Now I’m more or less at the same point where skylogger was in July 2018:
I ended up [...] replacing the two caps in the doghouse filter section, re-assemblied the whole thing and put back in the car. We replaced the 20amp fuse, filled up the coolant tank, and plugged back in the safety plug and connected up the 12v battery. Connected up the MUT III Analyser, and had two errors being reported concerning OBC and DC-DC. Ran the option to clear errors and re-test, and all errors were cleared. Checked the 12v battery before turning car on and voltage was about 12.3v. After turning the key and getting "READY" The Battery ICON and the HV fault Icons were no longer showing on the dash, and the 12v battery was now reading 14.4V so it appears to be charging. Connected the charging cord to the car and attempted to charge, but could see the charge light on dash blink, then the HV Fault came on the dash, then both went out.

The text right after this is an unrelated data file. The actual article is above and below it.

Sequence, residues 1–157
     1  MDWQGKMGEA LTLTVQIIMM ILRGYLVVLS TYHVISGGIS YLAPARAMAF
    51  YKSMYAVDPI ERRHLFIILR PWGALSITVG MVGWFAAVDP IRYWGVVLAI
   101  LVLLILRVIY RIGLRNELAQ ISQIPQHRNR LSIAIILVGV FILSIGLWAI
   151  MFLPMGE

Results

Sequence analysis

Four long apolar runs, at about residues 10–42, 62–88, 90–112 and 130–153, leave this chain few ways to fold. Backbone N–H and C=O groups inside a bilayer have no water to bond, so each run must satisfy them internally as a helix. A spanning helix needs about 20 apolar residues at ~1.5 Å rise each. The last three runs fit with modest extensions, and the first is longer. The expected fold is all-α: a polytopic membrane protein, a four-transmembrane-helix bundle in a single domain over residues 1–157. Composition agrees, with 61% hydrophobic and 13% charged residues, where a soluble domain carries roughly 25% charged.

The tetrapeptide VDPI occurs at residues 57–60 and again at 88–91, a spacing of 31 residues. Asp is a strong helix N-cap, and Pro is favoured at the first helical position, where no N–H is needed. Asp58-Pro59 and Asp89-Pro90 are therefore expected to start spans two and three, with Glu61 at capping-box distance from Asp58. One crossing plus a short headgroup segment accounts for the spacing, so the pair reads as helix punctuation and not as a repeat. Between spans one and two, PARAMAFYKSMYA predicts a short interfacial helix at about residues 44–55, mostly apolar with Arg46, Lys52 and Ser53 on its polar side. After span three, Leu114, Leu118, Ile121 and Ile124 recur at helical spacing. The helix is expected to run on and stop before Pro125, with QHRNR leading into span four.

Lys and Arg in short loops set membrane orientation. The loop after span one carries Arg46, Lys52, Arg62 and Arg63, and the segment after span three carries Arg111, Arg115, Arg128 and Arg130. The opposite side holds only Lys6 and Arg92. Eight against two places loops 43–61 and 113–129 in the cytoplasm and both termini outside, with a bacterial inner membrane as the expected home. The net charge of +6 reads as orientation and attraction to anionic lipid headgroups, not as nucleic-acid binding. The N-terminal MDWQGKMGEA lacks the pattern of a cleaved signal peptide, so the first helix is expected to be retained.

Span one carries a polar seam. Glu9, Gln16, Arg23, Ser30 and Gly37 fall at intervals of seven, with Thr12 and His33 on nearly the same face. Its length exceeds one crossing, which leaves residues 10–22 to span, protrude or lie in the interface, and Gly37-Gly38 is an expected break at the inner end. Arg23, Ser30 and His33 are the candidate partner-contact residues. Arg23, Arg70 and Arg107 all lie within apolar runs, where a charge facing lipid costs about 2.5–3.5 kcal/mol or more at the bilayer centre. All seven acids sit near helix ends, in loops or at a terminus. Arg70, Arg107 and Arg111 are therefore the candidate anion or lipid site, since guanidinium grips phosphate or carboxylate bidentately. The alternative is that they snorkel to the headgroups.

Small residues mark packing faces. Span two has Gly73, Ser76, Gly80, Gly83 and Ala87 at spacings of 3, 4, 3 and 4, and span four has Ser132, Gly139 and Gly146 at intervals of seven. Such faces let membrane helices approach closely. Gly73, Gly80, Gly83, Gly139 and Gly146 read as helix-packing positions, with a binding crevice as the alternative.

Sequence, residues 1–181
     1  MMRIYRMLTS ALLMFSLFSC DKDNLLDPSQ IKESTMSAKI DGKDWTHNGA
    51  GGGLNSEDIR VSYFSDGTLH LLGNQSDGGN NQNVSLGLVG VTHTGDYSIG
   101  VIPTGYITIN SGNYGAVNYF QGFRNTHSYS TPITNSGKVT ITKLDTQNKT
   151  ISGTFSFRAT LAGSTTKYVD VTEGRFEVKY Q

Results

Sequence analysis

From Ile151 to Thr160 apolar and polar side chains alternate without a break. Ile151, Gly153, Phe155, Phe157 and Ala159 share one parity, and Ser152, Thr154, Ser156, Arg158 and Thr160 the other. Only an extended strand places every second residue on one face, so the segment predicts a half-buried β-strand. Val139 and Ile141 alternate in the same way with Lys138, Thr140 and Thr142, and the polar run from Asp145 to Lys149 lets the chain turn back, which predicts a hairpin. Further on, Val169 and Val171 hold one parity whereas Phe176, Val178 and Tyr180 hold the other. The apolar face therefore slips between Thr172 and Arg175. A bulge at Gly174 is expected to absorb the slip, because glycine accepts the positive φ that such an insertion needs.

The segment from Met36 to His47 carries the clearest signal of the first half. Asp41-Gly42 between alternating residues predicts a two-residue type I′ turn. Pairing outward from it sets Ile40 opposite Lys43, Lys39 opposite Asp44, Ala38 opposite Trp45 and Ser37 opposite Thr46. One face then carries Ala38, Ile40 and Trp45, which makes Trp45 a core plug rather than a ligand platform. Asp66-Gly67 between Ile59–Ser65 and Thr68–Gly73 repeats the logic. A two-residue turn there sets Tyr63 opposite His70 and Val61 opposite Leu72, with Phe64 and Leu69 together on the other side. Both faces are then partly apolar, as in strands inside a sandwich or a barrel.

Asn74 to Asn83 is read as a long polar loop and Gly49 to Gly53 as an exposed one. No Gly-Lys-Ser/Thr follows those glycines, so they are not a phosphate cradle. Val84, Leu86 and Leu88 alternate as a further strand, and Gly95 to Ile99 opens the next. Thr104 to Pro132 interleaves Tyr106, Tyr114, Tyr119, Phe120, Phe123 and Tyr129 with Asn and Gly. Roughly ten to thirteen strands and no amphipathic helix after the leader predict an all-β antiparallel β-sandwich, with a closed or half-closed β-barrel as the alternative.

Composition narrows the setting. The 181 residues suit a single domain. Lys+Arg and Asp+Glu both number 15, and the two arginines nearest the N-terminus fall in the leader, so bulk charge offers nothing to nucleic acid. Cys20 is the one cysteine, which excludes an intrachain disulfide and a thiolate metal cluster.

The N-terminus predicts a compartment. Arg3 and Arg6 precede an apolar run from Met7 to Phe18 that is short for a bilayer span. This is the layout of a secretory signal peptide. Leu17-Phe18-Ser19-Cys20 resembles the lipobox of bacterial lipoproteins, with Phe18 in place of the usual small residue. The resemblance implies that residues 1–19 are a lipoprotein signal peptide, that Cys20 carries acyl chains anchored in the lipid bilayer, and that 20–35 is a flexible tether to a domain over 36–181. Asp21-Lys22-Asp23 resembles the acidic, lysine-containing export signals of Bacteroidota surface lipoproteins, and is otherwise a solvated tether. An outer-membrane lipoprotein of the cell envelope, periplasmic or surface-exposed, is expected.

Just like skylogger describes, when I put the AC-charger-plug into the car, the ventilation starts instantly for 2 or 3 seconds and on dash the “red plug”-symbol starts blinking. After 5 seconds the “yellow car with the exclamation mark”- symbol lights up. After another second the “yellow car with the exclamation mark”- symbol and the “red plug”-symbol turn durably off.

Back to skylogger’s case: In August 2018 had finally fixed the issue.
So I decided to bit the bullet, and re-install the charger back into the car and test it out.